Director : Ed Harris
Screenplay : Robert Knott & Ed Harris (based on the novel by Robert Parker)
MPAA Rating : R
Year of Release : 2008
Stars : Ed Harris (Virgil Cole), Viggo Mortensen (Everett Hitch), Renée Zellweger (Allison French), Jeremy Irons (Randall Bragg), Timothy Spall (Phil Olson), Lance Henriksen (Ring Shelton)
Appaloosa takes place in the dusty mountains of New Mexico in 1882, where the titular town, which is little more than a single street with a few wooden and adobe buildings striving to create a sense of refined civility in the wilderness, has sprung up. The town council, which is comprised of overweight men in suits that are ill-fit for the blistering southwestern heat, brings in two hired guns, Virgil Cole (Ed Harris) and his “deputy,” Everett Hitch (Viggo Mortensen), because the town’s teetering sense of law and order is threatened by the perfectly named Randall Bragg (Jeremy Irons), a rancher and general bully who guns down the marshal in the film’s opening sequence. Desperate for someone to protect them, the town council essentially hands Appaloosa over to Virgil, who imposes martial law and enforces it with the kind of cool, collected sense of purpose and absolute self-confidence that we have come to expect from western heroes.
But, given the constantly shifting tenets of the western genre and the fact that its mythological underpinnings were long ago dismantled by revisionist films, Virgil is hardly a typical western hero nor is Appaloosa a typical western. Based on the 2005 novel by Robert B. Parker, the film is more trenchant character study than thrilling showdown, and it confounds as many generic expectations as it fulfills. It is a slow-burn experience, one that takes its time establishing a sense of place and locating its characters along the moral spectrum, only to question the very sense of moral certainty that has long been one of the genre’s chief hallmarks. Make no mistake--there are heroes and villains. It’s just that the criteria by which we define those comfortable categories are much less stable than we might like.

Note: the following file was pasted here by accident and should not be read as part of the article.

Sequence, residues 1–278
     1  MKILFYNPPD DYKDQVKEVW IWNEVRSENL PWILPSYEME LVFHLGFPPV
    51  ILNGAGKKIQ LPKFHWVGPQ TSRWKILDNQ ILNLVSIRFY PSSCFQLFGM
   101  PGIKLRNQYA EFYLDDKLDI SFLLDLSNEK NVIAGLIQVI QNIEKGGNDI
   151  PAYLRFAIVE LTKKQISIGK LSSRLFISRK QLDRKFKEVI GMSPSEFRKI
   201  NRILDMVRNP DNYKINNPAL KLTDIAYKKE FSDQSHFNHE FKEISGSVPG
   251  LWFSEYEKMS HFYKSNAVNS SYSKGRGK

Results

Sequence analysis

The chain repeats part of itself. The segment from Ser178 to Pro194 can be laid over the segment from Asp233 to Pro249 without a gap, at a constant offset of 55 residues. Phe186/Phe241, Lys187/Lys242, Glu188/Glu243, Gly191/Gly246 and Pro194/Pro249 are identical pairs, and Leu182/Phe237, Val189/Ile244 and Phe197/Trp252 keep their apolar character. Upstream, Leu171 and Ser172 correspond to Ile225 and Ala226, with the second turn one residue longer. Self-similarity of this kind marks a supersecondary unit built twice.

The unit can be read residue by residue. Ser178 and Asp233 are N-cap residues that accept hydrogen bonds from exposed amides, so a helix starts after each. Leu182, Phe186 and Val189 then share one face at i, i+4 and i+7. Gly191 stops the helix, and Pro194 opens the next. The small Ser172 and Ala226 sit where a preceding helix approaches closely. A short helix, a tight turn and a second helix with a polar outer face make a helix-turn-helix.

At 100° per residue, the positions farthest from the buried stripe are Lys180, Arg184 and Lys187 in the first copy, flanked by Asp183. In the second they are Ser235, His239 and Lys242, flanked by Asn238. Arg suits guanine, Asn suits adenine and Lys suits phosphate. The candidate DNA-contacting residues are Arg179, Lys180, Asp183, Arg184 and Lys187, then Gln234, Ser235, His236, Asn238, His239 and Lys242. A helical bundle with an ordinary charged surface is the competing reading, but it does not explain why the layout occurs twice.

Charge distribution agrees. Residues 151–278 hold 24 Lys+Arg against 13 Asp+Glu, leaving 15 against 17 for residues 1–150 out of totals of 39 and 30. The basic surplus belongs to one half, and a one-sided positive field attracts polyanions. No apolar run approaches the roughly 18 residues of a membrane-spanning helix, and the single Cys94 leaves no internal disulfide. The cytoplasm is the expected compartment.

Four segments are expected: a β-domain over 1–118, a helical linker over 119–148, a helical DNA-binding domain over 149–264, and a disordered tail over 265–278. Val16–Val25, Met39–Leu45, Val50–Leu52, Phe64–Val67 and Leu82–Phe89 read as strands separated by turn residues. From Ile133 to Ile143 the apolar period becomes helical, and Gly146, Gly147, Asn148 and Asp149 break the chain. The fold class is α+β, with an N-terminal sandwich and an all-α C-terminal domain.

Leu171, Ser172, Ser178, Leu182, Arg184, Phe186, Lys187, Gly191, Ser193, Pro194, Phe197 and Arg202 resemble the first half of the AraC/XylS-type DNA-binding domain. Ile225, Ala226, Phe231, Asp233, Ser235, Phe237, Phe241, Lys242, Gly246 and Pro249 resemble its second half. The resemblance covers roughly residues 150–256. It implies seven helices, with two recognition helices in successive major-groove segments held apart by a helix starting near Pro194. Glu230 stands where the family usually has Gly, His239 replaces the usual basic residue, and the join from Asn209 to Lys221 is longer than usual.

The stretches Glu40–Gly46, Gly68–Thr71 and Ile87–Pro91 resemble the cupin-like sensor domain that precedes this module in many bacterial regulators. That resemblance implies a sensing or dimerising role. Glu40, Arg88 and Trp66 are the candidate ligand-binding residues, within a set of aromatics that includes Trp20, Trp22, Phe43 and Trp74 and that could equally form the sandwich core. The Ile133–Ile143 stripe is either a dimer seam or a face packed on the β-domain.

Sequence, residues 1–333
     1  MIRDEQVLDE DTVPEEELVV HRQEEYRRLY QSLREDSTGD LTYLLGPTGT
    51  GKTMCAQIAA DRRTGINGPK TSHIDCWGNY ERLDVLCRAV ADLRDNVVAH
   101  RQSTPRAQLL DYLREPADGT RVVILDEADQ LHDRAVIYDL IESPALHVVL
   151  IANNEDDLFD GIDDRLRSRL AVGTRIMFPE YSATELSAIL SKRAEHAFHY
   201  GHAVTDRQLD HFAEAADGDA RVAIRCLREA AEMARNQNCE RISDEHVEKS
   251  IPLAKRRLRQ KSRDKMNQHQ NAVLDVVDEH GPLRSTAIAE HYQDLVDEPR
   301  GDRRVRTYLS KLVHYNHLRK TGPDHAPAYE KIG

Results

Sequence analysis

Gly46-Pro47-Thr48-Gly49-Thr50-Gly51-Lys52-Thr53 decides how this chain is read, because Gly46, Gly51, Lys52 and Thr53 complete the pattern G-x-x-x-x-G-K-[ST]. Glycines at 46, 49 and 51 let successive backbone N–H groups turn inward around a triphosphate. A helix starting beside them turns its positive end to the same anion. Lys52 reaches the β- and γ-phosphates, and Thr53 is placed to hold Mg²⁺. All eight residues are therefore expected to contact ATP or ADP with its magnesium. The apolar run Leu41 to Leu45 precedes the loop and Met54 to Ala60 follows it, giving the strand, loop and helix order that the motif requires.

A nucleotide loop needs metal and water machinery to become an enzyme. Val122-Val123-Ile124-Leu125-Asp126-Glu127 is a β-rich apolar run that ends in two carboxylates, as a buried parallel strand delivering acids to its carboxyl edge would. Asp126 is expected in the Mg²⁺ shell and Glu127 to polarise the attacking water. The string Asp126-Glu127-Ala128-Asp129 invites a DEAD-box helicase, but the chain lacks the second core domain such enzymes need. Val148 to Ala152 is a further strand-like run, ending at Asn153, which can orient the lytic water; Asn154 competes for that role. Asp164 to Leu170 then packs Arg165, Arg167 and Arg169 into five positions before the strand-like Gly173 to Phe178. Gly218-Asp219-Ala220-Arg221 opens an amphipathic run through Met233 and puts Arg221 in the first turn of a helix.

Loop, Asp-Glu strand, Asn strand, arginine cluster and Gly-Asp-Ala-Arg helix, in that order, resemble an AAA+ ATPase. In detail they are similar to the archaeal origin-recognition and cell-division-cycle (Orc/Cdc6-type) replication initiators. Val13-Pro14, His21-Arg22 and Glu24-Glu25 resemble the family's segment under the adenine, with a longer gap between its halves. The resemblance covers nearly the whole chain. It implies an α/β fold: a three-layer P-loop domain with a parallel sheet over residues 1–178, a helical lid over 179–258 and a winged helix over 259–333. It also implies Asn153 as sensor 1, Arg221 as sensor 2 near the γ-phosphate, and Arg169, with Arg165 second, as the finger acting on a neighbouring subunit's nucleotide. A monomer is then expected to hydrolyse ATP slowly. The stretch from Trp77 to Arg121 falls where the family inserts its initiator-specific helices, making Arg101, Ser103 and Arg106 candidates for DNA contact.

Thus, Virgil, despite his strict sense of law and order and unquestionable bravery, harbors a psychotic streak that explodes from time to time, reminding us that violence is violence, whether it’s “legitimate” or not. On the other hand, he proves to have a gentle heart that has capacity for great forgiveness, which explains why he continues to pursue Allison French (Renée Zellweger), a refined widow from the East who quickly dispenses with any notion that she is the requisite exemplar of female sanctity in the wilderness. Rather, she is a cunning and ruthless opportunist who realizes that her best chance for survival is in her being with the strongest man in town.
We may wonder why Virgil continues to love her even when she betrays him, but in this sense he is like a child fumbling through new emotions. Harris has played characters both hardened and tender throughout his career, and in Virgil he intertwines the two into a fascinating paradox. Virgil’s relationship with Everett is the only thing that is genuinely steadfast and pure in the film, and its certainty is underscored by the men’s ability to communicate almost entirely in looks and nods. They know each other so well and have known each other for so long that words are almost superfluous, although that doesn’t stop Virgil from constantly trying to learn new vocabulary, a trait that gives his otherwise unflappable character a recognizable softness (one of the film’s real strengths is the way it naturalistically integrates comic relief so that you never really recognize it as such, even though you’re smiling).
Some will likely find Appaloosa too slow and ponderous, and in a sense it is (it feels much longer than its running time, which I was surprised is less than two hours). Yet, Harris, sitting in the director’s chair for the first time since 2000’s Pollock, has a clear vision for the material, and he refuses to sacrifice its subtle underpinnings for easy thrills or simple reductionism. Through his lens we see the Old West in typical movie terms as the stark terrain in which moral warfare is waged for the future of the land, yet we also see it as a place that draws all kinds of conflicted souls whose lives don’t play out on the straight and narrow, however much we may want them to.
Copyright ©2008 James Kendrick
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